Thursday, November 12, 2015
Shunned: Outcasts in the Land By Cynthia Hearne Darling Review
Amos, a small town minister in New England, is horrified. His wife Carrie has been jailed for vandalism against Jett Pharmaceuticals, her retaliation for their son John's death by a drug overdose. Amos's own reaction to his son's death is to speak prophetically on Hell and punishment through preaching and conducting public meetings. Public reaction is fierce and unforgiving against the couple Released from jail, Carrie forms a group, including skeptic Allan, CEO of Jett, to expose harms caused by antidepressants.
She also confronts Dr. Monroe, John's university counselor, who engineered the boy's death. He is infuriated and threatened by Carrie. Monroe schemes to punish Carrie by killing Amos, arranging for him to come to his office to retrieve John's falsified records, that state that their son's death was caused by the parents' fundamentalist lifestyle.
Carrie, devastated at her husband's death, puts roses in her dead husband's hands at the funeral, as he had done for her outside the jail upon her release. Monroe sends his grossly obese wife Nellie on a cruise, but she confronts him about Amos's death upon her return. He decides to kill her also, planning the murder with delight and great precision. Meanwhile, Carrie learns that Nellie may have information to sell regarding Amos's murder.
Allan, now a suspect in Amos's death, decides to approach Nellie himself. He drives to the house, followed by the police. He hears screams within the house. Nellie has Monroe in a death grip. The police arrive. Allan is exonerated. Monroe becomes psychotic, now locked in a mental institution. Carrie and Allan remain friends. Old Mrs. Robbins, the town's eccentric, hands Carrie a rose. The cycle is complete, she says. Carrie understands. She tells Allan he has to reread Hawthorne to understand.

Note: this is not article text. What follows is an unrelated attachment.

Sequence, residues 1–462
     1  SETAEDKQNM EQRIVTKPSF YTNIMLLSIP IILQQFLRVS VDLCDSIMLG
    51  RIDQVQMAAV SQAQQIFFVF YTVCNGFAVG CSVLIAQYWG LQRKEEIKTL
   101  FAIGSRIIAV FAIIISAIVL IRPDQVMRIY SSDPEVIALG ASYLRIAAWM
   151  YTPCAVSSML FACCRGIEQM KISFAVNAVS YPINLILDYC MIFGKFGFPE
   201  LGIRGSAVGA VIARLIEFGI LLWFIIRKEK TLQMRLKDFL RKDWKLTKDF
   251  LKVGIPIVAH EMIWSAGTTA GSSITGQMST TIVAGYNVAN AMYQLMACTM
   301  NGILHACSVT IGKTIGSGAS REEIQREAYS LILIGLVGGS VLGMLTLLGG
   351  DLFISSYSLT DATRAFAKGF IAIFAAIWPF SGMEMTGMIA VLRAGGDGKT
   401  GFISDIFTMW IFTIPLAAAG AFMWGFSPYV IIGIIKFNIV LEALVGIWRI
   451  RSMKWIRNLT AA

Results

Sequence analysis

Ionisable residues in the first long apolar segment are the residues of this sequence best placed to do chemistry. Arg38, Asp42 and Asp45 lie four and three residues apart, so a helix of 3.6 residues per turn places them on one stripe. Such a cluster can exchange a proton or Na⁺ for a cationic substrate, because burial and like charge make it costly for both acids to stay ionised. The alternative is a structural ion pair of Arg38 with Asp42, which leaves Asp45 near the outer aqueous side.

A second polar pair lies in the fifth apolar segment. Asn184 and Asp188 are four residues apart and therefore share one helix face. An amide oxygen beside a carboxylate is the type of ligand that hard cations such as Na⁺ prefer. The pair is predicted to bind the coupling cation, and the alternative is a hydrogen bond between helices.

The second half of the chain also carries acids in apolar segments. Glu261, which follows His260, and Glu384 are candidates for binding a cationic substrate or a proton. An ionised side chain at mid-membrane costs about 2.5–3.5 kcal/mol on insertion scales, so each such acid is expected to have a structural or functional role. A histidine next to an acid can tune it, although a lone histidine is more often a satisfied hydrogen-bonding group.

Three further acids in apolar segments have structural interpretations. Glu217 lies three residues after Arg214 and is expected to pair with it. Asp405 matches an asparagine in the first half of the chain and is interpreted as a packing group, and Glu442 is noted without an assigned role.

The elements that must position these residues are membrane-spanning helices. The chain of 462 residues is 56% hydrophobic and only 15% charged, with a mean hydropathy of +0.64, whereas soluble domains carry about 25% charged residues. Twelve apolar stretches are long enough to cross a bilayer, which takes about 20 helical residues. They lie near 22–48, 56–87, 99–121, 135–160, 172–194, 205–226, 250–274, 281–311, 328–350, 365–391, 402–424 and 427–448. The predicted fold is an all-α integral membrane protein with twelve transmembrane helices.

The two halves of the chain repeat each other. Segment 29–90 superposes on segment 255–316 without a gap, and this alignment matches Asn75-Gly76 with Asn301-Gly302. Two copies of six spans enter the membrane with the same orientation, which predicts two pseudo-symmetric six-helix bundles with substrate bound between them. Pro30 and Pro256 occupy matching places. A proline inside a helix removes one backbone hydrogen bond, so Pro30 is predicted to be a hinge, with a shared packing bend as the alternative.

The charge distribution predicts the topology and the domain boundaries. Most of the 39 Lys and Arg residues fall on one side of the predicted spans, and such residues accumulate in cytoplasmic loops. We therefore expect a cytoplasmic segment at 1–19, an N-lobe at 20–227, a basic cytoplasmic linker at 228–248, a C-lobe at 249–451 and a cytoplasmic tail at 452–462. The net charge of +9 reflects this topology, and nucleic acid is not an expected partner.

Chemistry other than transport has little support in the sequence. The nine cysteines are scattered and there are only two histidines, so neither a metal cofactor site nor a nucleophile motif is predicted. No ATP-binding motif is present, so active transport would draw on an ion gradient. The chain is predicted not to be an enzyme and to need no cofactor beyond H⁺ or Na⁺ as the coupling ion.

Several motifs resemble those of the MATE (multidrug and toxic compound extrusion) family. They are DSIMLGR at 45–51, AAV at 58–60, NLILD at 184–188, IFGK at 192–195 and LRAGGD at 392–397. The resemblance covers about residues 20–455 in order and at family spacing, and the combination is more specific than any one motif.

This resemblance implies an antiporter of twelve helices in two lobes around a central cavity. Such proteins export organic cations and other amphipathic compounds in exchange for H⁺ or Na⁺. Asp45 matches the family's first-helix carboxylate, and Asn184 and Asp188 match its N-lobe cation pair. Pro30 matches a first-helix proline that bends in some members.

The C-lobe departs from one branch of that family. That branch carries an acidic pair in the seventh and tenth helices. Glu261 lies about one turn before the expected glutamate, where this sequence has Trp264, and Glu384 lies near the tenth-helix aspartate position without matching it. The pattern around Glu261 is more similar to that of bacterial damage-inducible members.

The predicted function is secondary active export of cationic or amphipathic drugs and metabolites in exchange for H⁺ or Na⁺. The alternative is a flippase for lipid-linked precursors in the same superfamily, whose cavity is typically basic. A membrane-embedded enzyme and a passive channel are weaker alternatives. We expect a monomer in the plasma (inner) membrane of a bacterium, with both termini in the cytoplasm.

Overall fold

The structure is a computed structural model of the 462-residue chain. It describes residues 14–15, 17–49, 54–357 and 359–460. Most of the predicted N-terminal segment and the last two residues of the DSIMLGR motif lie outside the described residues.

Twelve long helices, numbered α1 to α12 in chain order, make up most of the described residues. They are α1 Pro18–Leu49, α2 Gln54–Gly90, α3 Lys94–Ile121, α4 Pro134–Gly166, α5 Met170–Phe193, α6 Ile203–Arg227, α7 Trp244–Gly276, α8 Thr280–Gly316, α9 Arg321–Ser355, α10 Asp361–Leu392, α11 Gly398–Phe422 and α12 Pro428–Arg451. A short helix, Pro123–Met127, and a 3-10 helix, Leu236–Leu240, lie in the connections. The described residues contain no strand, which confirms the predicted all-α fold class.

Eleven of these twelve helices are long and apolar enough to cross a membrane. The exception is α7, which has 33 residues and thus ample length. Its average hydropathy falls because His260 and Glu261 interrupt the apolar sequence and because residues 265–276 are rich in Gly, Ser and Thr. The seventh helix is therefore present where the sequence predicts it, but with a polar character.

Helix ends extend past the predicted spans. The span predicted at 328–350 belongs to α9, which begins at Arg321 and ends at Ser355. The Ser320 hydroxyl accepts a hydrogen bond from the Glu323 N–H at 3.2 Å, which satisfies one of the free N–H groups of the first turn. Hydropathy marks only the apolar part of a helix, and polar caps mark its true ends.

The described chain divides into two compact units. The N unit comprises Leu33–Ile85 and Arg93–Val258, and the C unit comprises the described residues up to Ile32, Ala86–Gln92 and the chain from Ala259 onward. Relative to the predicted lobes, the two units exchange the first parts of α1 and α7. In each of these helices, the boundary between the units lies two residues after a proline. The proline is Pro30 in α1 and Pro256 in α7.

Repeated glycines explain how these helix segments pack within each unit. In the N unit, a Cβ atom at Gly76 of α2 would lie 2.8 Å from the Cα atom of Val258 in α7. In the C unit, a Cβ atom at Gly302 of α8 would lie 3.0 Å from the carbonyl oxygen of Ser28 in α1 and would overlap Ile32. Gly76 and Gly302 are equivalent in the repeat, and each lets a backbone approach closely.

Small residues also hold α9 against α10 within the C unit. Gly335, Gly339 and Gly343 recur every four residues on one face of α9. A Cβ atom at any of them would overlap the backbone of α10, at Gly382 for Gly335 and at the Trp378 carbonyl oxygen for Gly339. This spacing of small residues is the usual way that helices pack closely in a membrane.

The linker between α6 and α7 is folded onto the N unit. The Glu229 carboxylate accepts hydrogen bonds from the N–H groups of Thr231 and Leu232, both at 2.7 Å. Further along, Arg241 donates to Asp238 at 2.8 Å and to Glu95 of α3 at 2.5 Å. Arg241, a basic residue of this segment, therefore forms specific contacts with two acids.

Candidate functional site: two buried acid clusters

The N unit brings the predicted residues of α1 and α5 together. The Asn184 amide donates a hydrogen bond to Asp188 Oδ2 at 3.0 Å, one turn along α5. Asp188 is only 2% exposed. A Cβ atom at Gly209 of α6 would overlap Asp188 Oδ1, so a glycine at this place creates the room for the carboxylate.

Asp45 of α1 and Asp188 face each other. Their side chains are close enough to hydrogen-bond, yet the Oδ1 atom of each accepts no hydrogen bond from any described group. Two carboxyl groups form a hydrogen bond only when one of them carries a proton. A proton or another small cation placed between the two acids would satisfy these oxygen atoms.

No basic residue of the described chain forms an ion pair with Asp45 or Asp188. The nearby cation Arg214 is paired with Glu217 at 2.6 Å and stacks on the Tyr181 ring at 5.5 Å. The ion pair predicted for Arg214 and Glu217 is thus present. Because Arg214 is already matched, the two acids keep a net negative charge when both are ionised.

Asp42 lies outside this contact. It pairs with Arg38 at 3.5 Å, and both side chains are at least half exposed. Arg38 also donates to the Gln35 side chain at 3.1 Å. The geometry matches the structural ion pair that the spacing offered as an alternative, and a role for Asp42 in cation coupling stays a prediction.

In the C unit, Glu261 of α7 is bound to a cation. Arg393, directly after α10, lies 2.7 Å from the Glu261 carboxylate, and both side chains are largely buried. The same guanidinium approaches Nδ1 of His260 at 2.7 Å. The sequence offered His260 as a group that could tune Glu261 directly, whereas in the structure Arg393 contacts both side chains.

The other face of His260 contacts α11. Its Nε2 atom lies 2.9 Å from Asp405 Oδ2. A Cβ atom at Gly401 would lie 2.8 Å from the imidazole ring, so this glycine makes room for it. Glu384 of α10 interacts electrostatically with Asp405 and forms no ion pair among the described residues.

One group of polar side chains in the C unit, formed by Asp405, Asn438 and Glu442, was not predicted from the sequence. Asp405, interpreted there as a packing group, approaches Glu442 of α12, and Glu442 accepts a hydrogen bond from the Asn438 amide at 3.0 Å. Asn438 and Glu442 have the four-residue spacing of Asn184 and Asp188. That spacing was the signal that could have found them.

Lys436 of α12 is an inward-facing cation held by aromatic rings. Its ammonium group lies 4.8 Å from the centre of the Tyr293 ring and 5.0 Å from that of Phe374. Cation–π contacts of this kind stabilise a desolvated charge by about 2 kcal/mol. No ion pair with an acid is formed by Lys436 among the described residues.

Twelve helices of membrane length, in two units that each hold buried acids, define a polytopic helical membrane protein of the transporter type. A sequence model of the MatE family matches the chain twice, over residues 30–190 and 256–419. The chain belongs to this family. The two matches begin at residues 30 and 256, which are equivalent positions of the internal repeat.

Cassandra's Review- I did not expect to be as excited and surprised by this book. It is a real treat and I was taken that such a topic could make for this awesome read. The author has a nice style and kept me very interested.
Cynthia has worked everywhere from Indian reservations, mental institutions, even the U.S. Department of Justice. She prefers the reservations. The last books she has read were the short stories of William Faulkner (she understood them!)and a history about the wild frontier times in Western Kentucky. She got her dna done, which gave her a way of looking broadly at the world.
She went to the College of William and Mary in Virginia and picked up two masters' degrees afterwards, one in public administration and one in social work. She is working on a novel about Georgetown, D.C., in the 1960's at the moment. She wishes she had home-schooled her children, but it was hard to work and teach at the same time.
Her mother used to quote Shakespeare to her, especially after a couple of bourbons, so she thinks she got the literary gene from the maternal side. Her father was a mining engineer. The family moved around, and Cynthia went to four high schools. Her novel Shunned has some personal experiences behind it: she knows how it felt to be outside the group when your shoes were not quite right or when everyone else in class knew each other.
Her book of poetry, Forty-Nine Poems, was written while she had a job that required absolutely nothing for three months. She went to the office every day and was faced with a typewriter(very old school), a dictionary and a phone. Looking back, she thinks God arranged nicely for her to write. She thanks Him.
I received a complimentary copy.